Survey

* Your assessment is very important for improving the workof artificial intelligence, which forms the content of this project

Document related concepts

Model theory wikipedia , lookup

Axiom wikipedia , lookup

Abductive reasoning wikipedia , lookup

Truth-bearer wikipedia , lookup

Axiom of reducibility wikipedia , lookup

Argument wikipedia , lookup

Ramism wikipedia , lookup

Willard Van Orman Quine wikipedia , lookup

Fuzzy logic wikipedia , lookup

Theorem wikipedia , lookup

Foundations of mathematics wikipedia , lookup

History of the function concept wikipedia , lookup

Jesús Mosterín wikipedia , lookup

Lorenzo Peña wikipedia , lookup

First-order logic wikipedia , lookup

Inquiry wikipedia , lookup

Combinatory logic wikipedia , lookup

Modal logic wikipedia , lookup

Sequent calculus wikipedia , lookup

Mathematical proof wikipedia , lookup

Syllogism wikipedia , lookup

History of logic wikipedia , lookup

Laws of Form wikipedia , lookup

Mathematical logic wikipedia , lookup

Interpretation (logic) wikipedia , lookup

Catuṣkoṭi wikipedia , lookup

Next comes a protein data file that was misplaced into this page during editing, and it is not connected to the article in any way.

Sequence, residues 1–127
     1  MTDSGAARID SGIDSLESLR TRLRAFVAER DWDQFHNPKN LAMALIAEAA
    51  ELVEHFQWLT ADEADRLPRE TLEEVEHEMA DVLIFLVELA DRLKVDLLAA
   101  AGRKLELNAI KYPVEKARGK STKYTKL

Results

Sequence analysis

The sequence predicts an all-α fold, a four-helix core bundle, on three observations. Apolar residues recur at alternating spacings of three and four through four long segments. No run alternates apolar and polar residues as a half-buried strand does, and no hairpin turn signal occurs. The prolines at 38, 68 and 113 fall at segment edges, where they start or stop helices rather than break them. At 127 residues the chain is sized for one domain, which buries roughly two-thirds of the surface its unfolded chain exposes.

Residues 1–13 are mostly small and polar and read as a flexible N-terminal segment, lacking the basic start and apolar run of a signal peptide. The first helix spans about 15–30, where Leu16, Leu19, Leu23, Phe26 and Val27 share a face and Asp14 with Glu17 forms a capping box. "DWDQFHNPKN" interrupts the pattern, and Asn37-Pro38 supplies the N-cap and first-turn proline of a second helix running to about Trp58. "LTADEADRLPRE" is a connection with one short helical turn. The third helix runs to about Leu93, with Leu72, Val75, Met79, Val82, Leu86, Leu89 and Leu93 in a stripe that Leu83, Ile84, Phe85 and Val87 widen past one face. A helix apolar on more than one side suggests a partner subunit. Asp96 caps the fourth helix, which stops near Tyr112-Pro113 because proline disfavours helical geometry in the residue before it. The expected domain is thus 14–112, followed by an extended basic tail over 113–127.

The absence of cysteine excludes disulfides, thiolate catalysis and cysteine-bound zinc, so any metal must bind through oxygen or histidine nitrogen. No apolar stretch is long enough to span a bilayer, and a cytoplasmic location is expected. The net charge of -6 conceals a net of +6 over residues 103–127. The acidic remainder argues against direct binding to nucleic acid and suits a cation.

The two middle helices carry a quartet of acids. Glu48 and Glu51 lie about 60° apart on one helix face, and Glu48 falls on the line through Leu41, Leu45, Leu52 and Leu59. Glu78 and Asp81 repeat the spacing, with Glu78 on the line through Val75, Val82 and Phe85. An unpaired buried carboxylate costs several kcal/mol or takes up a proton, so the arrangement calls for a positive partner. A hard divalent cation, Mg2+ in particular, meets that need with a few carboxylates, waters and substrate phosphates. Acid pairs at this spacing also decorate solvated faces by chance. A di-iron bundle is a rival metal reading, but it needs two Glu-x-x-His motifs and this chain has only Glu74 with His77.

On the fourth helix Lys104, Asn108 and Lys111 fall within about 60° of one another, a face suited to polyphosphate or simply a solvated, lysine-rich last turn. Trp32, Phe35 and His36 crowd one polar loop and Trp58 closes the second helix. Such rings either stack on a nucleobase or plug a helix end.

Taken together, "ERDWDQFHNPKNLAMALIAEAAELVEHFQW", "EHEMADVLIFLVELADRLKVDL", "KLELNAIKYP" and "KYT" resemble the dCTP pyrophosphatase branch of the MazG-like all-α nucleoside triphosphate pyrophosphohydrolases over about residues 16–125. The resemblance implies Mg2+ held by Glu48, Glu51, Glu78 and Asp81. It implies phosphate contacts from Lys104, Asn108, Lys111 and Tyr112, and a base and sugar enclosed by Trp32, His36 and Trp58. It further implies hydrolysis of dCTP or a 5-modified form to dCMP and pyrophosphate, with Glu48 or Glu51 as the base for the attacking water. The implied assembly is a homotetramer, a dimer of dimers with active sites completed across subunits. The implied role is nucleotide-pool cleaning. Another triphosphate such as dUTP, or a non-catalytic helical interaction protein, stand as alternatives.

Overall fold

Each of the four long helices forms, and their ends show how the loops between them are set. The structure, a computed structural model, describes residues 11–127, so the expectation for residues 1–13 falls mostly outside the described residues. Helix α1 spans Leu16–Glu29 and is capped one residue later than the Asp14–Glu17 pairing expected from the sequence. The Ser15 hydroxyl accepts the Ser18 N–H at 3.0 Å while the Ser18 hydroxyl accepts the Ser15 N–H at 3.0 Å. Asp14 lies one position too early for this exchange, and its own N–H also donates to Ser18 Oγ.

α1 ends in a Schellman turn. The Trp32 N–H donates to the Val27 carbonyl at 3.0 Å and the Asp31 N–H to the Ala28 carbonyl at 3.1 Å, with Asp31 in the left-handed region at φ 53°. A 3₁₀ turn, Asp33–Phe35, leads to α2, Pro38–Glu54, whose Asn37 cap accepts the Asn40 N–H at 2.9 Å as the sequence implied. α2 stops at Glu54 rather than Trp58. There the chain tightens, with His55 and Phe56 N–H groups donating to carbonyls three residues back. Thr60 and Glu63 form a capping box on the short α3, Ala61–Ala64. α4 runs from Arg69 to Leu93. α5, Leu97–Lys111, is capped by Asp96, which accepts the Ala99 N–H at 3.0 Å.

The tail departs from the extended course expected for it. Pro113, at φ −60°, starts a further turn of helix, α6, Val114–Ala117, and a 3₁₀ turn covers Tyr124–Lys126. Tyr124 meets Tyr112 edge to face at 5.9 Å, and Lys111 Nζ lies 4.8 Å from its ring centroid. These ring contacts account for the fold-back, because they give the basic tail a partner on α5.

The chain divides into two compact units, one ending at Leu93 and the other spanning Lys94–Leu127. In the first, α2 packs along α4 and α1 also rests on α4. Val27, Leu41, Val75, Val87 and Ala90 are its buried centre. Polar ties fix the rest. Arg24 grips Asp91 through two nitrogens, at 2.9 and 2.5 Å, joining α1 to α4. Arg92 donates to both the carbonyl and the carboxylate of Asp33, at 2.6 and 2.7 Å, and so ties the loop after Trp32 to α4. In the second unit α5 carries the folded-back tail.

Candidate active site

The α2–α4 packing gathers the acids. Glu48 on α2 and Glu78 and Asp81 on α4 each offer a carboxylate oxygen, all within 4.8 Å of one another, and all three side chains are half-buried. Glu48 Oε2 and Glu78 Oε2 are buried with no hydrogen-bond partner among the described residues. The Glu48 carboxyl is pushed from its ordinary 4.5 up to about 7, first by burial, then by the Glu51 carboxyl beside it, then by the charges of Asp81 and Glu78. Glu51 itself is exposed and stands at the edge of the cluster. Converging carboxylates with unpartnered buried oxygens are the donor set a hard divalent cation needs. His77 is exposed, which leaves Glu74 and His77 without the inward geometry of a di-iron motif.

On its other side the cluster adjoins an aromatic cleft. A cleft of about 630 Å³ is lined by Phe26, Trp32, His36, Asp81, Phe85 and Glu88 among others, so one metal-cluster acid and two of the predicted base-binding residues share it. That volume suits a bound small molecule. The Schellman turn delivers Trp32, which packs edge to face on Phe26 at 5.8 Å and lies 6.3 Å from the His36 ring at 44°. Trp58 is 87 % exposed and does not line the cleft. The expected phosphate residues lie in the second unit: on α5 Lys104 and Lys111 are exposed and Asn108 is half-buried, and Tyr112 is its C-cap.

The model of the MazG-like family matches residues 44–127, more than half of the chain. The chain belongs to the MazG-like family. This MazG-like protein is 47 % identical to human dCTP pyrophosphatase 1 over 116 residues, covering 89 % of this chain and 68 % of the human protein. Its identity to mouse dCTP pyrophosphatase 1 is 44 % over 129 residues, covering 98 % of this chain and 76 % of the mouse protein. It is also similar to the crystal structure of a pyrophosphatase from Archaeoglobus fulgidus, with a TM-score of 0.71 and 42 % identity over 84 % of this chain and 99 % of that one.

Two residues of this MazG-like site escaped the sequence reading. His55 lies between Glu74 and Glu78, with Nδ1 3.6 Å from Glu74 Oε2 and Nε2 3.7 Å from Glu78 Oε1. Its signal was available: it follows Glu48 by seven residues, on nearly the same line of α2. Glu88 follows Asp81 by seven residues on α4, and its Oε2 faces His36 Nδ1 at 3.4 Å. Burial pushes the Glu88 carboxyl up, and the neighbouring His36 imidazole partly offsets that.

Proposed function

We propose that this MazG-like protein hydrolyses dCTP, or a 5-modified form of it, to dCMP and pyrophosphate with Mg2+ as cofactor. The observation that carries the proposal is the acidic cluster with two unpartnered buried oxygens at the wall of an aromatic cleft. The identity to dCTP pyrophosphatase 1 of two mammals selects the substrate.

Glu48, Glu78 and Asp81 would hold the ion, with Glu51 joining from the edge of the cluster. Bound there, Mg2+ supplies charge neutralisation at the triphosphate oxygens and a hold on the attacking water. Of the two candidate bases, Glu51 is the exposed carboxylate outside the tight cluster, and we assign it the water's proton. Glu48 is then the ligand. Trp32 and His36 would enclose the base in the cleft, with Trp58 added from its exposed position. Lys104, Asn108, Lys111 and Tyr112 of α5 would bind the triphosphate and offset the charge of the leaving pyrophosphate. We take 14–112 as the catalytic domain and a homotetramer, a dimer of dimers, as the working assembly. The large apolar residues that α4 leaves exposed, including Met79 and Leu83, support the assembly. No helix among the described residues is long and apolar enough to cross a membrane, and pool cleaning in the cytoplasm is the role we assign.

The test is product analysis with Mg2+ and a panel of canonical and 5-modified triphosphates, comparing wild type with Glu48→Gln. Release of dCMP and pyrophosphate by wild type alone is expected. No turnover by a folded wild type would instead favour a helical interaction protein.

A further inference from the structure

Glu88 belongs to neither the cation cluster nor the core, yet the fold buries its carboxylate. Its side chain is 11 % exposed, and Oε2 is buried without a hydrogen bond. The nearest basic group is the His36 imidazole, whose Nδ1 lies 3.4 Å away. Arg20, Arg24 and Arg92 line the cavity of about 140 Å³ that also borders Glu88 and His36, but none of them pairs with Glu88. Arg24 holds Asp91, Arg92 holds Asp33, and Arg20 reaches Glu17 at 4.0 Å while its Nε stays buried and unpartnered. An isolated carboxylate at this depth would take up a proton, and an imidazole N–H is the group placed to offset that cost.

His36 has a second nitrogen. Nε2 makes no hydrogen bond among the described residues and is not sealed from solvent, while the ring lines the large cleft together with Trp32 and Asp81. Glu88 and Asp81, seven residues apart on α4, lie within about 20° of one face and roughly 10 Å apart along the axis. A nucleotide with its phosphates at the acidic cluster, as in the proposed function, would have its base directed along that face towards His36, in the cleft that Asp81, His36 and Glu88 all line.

Natural deduction wikipedia , lookup

Quantum logic wikipedia , lookup

Propositional formula wikipedia , lookup

Principia Mathematica wikipedia , lookup

Law of thought wikipedia , lookup

Curry–Howard correspondence wikipedia , lookup

Intuitionistic logic wikipedia , lookup

Propositional calculus wikipedia , lookup

Transcript
Proofs in Propositional Logic
Proofs in Propositional Logic
Proofs in Propositional Logic 1
Pierre Castéran
Beijing, August 2010
In this class, we introduce the reasoning techniques used in Coq,
starting with a very reduced fragment of logic, propositional
intuitonistic logic.
We shall present :
The logical formulas and the statements we want to prove,
How to build proofs interactively.
1. This lecture corresponds mainly to Chapter 3 : “Propositions and Proofs”